Thursday, May 03, 2007

Walla Walla The New Napa Valley?

The Napa Valley has St. Helena -- a charming and lovely town, yes, yet overrun with expensive designer shops, ultra-high-end restaurants, and chi-chi boutiques. It stopped being a functional town for local residents many years ago. The Walla Walla Valley has Walla Walla -- charming indeed, yet still down-home. Tourists still have to hunt a bit if they want to find the fancy and the frou-frou in Walla Walla. Yet both communities are capitals of their own wine regions. How, then, can we prevent Walla Walla from becoming a St. Helena -- or even a Napa? (Well, Napa Auto Parts stores in Walla Walla -- that's okay.)

Some local car bumpers have lately been pasted with a new sticker, "Don’t Bend Walla Walla." The reference is to a Bend, Oregon, company that has plans to build a destination-resort near Walla Walla city limits. But the resort is inevitable, considering the explosion Walla Walla has felt from wine tourism. Yet during a county planning meeting where a local wheat farmer opposed a vineyard owner building a new winery in an agriculture zone where his vineyard was located, the opposition commented, "I don’t want to see Walla Walla grow like Napa and become a wine Disneyland for adults." While I favored the proposed new winery, I thought to myself when I heard the comment, "Me neither. I don’t want to see the town that I was born and raised in, the town I want to retire in, turn into another Napa Valley."

But is Walla Walla, with its rural charm and blend of eccentric personalities, destined to become the new Napa or St. Helena? Is it inevitable?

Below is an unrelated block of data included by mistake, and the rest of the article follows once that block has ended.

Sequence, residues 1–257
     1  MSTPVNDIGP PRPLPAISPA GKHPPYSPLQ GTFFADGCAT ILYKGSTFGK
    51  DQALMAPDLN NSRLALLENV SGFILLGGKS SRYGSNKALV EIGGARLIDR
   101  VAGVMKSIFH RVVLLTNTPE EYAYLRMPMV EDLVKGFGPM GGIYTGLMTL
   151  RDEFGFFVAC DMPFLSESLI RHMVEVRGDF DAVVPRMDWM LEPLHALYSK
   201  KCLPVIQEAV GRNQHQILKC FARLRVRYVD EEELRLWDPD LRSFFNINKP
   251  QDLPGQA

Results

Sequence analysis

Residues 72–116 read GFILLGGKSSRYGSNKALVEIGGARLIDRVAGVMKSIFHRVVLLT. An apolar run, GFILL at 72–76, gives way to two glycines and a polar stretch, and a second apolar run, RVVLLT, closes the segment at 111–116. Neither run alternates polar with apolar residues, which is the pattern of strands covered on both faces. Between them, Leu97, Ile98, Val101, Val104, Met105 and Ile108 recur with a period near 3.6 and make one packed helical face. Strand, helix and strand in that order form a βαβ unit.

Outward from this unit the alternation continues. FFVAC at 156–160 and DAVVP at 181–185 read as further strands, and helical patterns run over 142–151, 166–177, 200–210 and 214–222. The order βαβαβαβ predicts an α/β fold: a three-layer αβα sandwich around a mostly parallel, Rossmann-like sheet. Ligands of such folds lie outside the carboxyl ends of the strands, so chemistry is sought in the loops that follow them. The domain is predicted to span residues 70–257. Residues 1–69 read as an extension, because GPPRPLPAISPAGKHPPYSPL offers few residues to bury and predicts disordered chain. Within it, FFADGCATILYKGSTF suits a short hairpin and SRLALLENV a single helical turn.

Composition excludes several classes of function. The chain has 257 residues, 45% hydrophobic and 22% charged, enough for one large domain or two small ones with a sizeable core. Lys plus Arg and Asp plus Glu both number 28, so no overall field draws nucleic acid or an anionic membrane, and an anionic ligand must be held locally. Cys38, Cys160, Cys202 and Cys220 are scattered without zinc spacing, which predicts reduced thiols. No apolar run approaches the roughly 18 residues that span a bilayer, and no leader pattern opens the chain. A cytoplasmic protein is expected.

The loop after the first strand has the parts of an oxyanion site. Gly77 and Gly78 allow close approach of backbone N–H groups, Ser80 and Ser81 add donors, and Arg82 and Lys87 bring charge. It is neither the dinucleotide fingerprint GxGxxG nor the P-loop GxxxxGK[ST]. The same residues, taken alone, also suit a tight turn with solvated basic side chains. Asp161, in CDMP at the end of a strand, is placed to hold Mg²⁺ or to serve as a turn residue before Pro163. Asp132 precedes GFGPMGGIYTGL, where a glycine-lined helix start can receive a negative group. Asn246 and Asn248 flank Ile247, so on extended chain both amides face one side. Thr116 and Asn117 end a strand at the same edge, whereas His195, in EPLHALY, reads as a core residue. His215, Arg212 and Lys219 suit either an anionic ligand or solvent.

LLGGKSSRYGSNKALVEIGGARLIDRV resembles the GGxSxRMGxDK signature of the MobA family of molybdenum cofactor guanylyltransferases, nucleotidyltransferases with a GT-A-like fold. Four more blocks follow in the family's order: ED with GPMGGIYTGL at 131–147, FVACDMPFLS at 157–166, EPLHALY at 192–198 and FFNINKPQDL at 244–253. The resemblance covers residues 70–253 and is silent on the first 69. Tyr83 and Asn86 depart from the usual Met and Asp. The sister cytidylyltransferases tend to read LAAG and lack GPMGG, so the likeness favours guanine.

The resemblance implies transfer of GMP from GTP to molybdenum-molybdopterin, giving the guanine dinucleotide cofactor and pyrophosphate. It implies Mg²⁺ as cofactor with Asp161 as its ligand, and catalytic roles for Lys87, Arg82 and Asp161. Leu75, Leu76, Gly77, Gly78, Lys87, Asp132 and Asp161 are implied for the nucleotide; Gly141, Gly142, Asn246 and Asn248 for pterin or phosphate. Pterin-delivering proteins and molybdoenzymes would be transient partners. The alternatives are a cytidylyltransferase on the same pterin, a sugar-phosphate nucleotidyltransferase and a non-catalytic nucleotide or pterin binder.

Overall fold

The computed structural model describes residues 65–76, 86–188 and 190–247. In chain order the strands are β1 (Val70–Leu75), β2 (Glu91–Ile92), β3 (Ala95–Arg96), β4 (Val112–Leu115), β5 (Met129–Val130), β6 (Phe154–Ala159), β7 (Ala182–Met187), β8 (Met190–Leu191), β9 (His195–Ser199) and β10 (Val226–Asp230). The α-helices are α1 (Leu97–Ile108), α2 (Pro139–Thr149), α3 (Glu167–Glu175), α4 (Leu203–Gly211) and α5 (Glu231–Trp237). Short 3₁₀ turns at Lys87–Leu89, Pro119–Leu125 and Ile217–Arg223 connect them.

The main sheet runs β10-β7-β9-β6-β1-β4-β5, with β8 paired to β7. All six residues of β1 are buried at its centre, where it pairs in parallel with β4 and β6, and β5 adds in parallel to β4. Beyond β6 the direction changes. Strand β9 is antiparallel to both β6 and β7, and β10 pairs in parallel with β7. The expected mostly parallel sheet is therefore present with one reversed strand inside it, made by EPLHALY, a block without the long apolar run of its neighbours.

My Uncle Larry dropped by last week. He had a wine magazine guide from Napa Valley and Sonoma -- he and my Aunt Barb just came back from touring these most famous of California's wine regions. They began their trip thinking they were going to have the ultimate new world wine experience. But they came back disappointed -- indeed, Barb and Larry hated their visit down south. Larry had imagined that he would be returning to the rustic charm of old wineries in Napa and Sonoma that he had seen decades ago when he was a young man, but, he said, now all those wineries he remembered are hidden behind fancy tourist-oriented facades. And the wine, he said, is mediocre wine. Barb and Larry drove on roads congested with tour buses filled with non-wine-buying-looky-lous and stretch-limos full of obnoxious tasting-room drunks. I had to admit that I've seen those kinds of limos here in Walla Walla. Are limos filled with happy-hour drunks endemic to all wine country?

A while ago someone asked a group of us who know wine fairly well what wineries to visit in Napa. Someone in the group mentioned all of the wineries in California housed in beautiful structures, built to create a kind of Disneyish wine-country ambiance. I wondered, But how are their wines? I finally asked the person who wanted the Napa recommendations, "Are you looking for beautiful architecture or are you looking for good wine?" The two can go together, of course -- several fine Walla Walla-area wineries are beautiful and they make superlative wine -- but that's not always the case. I suggested that when visiting any wine region, don't ignore the mom and pop garagistas. Maybe their wines haven't yet received the attention of Robert Parker or the Wine Spectator, but who cares? If the wine tastes wonderful, isn’t that enough? In my experience, the small, local unpretentious wineries are the places where the people are making wine for love, not image. And it's love -- plus good vineyards -- that produces the best wine, I think.

Don’t get me wrong. Obviously, I love living in Washington wine country and I am thankful for the wineries and the associated economic growth they have brought to Walla Walla. Our town has a new vigor and excitement. But we have to learn from Napa, and by that I mean we can learn from Napa what to do and, especially, what NOT to do.